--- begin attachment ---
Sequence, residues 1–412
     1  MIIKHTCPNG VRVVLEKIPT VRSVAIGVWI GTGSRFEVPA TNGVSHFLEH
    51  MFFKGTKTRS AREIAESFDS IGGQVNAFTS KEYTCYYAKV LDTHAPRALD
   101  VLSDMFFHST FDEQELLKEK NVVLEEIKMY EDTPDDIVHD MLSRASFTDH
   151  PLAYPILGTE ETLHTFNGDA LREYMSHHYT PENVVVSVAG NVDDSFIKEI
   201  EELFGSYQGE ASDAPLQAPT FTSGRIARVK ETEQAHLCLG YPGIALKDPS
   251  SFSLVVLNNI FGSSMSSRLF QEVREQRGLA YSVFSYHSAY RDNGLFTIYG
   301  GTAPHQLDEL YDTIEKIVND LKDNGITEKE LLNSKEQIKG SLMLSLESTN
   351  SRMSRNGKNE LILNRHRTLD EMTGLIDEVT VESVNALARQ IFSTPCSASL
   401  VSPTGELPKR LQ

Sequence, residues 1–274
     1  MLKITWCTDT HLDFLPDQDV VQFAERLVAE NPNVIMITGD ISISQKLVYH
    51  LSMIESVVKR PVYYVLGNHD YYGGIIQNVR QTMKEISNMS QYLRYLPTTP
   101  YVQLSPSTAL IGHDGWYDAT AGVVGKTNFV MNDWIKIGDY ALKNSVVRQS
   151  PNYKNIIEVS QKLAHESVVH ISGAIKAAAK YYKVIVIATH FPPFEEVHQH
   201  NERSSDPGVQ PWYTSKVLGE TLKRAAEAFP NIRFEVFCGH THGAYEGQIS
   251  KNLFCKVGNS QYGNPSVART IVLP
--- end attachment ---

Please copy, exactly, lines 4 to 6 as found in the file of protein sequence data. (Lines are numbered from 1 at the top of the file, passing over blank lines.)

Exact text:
   101  VLSDMFFHST FDEQELLKEK NVVLEEIKMY EDTPDDIVHD MLSRASFTDH
   151  PLAYPILGTE ETLHTFNGDA LREYMSHHYT PENVVVSVAG NVDDSFIKEI
   201  EELFGSYQGE ASDAPLQAPT FTSGRIARVK ETEQAHLCLG YPGIALKDPS